Seasonal tip: You know those signs at Silverwood advising you to secure personal articles before going on certain rides? Pay attention to those warnings. Unless you want to be on a roller coaster and realize everything in your shirt pocket is experiencing weightlessness and about to launch into space.

Of course, you can always clasp a hand over said pocket. But unless you are one of those arms-in-the-air people, you might find you need both hands for your personal survival strategy.

Three peripheral takeaways when you are devoting your summer to reading all of the fat volumes making up Robert Caro’s mammoth LBJ biography: Before electricity came to the Texas Hill Country, farm wives there lived lives of such unrelenting, back-breaking drudgery that it makes you embarrassed for ever having complained about some chores you had to do.

It’s impossible to be adequately cynical about politics.

Once someone mentions the narcotic wonder of homemade peach ice cream, you never really get it out of your head.

Slice answers: In the spirit of welcoming summer, readers were asked last month what went through their minds as they fell from a treehouse.

Bruce Au said he feared that if he got hurt when he landed, his mother would kill him.

John Mraz recalled a moment from his 1950s childhood on an Eastern Washington farm. “We had a treehouse (more of a platform) in an old box elder that grew alongside a creek that ran through our barnyard. One day I was horsin’ around on our timber condo and a board gave way. As I had visions of Wile E. Coyote momentarily suspended in space, I had the foresight to lunge for a branch. I grabbed it and swung out in a trapeze-like move that could have gotten me on Barnum and Bailey’s payroll. As I proudly grinned at my athleticism, the limb broke.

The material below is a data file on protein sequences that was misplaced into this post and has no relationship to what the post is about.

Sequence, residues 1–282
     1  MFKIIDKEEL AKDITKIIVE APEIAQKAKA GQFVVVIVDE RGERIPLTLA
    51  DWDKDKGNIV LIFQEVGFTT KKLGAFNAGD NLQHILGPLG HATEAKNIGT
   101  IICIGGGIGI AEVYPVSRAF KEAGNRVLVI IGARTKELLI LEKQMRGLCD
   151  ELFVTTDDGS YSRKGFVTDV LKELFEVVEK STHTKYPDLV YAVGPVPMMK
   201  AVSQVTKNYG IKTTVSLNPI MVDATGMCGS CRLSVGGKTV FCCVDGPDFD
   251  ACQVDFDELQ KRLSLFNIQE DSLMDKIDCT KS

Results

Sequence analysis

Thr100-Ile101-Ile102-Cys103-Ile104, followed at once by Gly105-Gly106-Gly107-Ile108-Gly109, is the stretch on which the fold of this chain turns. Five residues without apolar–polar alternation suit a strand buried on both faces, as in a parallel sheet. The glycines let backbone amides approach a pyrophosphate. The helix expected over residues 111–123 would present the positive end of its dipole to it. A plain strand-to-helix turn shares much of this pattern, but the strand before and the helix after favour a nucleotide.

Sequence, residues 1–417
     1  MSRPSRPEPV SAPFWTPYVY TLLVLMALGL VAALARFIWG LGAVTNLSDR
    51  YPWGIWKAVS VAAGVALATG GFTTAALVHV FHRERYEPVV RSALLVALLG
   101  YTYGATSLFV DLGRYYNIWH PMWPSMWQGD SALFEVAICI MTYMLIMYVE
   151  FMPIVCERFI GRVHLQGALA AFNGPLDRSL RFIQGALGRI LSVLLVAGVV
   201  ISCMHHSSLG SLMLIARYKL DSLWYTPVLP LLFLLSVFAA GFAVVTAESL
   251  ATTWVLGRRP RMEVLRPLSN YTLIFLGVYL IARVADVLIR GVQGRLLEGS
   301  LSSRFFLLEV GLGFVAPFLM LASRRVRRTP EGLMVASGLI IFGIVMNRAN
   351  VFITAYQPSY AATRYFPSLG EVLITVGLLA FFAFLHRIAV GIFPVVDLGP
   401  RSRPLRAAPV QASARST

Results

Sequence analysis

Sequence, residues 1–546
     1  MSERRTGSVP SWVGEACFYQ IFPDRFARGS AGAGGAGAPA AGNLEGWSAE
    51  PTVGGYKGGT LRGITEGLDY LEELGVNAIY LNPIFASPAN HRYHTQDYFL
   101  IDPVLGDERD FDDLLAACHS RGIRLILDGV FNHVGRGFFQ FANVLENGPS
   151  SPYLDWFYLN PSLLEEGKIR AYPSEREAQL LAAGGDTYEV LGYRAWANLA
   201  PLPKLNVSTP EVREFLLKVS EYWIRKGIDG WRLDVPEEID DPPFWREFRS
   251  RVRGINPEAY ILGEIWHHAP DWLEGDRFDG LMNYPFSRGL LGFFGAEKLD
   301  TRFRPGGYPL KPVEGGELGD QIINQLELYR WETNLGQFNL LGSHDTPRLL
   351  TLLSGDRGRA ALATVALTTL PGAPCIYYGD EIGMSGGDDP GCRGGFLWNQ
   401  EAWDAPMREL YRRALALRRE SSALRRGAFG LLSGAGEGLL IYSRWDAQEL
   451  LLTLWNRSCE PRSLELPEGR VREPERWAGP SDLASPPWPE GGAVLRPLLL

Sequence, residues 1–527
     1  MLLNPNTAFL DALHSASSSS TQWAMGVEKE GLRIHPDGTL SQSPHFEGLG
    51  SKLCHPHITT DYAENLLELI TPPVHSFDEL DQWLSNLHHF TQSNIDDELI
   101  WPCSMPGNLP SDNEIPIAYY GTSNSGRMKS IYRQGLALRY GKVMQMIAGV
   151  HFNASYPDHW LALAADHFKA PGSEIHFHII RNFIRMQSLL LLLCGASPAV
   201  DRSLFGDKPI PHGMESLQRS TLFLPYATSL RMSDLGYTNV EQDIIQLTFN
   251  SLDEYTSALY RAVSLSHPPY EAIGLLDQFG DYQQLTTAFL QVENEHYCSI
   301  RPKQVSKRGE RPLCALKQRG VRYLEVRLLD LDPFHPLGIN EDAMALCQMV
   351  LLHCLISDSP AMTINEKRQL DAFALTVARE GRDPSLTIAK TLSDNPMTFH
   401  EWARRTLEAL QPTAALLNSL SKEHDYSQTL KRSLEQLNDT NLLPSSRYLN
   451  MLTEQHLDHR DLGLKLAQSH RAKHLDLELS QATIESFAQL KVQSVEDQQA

“I landed flat on my back in the middle of the creek. Once again, I had cheated death.”

Readers also were asked if Joni Mitchell could name an album after the sound of sprinklers – “The Hissing of Summer Lawns” – what would a Spokane song collection inspired by the ubiquitous drone of mowers be called?

Bill Baxley had an answer. “The Sounds of Silence, Not.”

Things that can happen in Spokane: If you have wild strawberries growing at your place and tell a visiting 4-year-old that bears would enjoy them, later on you just might find that wide-eyed child staring out a window in hopeful expectation of seeing a family of fruit-loving bruins stop by for a snack.

Warm-up question: Is the member of your household who is always first to detect the aroma of a skunk, and thus facilitates the early closing of windows, known at this time of year as “Oracle” – after the Donald Pleasence seer character in the 1965 western “The Hallelujah Trail”?

This month’s Slice question: If you consider Monday to be the start of the second half of the year, how do you plan to make it better, on a personal level, than the first half?

Columnist Paul Turner can be reached at Number of Slice contributors who have orbited the Earth: 1. Though it’s two if you also count an astronaut with local ties I spoke with by phone and subsequently referred to more than once in print.